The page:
The Second Bank of the United States was the nation’s first central bank, with some functions analogous to those of the modern Fed. Under its brilliant head, Nicholas Biddle, the Bank fostered economic growth in the 1820s.
But U.S. President Andrew Jackson disapproved of the Bank because of the concentrated economic power it placed in private hands. Calling the Bank a “monster,” Jackson aroused populist feeling and the envy of state banks to deny the Bank’s recharter.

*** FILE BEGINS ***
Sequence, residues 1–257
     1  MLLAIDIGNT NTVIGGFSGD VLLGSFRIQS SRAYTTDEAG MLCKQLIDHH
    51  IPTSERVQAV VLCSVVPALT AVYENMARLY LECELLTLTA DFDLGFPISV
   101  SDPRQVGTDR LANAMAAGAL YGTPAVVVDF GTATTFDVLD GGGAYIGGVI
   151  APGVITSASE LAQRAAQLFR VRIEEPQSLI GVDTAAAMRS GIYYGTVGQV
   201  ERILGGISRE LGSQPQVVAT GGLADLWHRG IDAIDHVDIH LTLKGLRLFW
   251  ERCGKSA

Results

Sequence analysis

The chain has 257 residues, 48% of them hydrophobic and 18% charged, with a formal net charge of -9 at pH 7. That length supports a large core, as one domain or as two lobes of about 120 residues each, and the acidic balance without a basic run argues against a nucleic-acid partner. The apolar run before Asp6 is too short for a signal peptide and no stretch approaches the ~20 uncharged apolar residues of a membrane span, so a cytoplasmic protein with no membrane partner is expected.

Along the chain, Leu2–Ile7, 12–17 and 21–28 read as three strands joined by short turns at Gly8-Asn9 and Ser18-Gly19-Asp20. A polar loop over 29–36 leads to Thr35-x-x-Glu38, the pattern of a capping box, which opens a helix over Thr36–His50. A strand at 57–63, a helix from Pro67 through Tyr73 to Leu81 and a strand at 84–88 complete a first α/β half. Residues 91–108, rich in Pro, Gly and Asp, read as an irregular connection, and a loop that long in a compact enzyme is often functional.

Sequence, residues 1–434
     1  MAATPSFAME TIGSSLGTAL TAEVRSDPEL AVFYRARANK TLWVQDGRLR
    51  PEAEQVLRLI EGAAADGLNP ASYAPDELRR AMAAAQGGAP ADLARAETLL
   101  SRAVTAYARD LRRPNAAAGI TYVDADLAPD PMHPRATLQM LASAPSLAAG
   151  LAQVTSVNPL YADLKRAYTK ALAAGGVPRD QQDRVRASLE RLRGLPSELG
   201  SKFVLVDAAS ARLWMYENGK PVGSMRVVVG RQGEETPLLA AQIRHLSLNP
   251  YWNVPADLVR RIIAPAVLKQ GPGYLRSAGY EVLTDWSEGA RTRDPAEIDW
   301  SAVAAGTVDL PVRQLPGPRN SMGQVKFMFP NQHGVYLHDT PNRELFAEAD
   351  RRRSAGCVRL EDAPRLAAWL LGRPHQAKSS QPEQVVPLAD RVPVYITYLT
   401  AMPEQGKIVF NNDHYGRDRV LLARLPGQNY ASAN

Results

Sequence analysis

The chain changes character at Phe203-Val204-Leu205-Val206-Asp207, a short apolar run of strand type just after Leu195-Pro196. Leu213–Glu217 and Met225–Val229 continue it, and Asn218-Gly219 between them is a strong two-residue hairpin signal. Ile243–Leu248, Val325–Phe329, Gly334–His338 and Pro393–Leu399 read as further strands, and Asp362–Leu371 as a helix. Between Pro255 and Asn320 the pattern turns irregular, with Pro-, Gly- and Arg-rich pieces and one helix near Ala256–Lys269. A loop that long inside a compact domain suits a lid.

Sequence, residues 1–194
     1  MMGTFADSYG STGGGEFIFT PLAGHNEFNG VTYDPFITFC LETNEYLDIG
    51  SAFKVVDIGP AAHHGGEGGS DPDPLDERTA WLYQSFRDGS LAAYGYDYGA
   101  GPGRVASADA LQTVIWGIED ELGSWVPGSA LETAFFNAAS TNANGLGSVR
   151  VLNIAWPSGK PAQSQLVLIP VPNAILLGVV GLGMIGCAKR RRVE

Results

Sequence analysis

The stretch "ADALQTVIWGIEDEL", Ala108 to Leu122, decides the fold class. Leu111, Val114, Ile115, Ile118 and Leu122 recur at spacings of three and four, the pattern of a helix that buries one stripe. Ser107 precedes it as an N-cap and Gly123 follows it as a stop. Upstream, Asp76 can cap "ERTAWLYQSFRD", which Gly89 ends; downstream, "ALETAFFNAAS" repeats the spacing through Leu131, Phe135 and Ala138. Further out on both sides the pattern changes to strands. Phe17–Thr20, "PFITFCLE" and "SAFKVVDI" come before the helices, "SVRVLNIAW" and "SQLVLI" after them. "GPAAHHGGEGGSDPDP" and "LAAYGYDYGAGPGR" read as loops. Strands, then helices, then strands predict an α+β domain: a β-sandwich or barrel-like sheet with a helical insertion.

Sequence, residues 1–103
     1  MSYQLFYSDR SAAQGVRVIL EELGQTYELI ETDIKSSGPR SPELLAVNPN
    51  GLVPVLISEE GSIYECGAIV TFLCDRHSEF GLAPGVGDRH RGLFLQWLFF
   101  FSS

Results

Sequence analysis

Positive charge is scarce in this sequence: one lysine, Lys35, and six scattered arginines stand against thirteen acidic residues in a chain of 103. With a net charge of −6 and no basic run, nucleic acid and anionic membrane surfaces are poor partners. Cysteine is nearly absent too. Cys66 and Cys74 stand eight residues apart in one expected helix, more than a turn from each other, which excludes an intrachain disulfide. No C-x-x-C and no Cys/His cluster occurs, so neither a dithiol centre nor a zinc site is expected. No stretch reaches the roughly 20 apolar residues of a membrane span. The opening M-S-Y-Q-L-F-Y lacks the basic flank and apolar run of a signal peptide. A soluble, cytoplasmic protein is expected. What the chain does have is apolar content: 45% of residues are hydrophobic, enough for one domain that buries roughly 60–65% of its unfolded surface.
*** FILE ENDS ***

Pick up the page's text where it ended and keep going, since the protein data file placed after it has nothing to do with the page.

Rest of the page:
Mindful of the Bank’s fate, the architects of the Federal Reserve System created a decentralized institution dedicated solely to the public interest.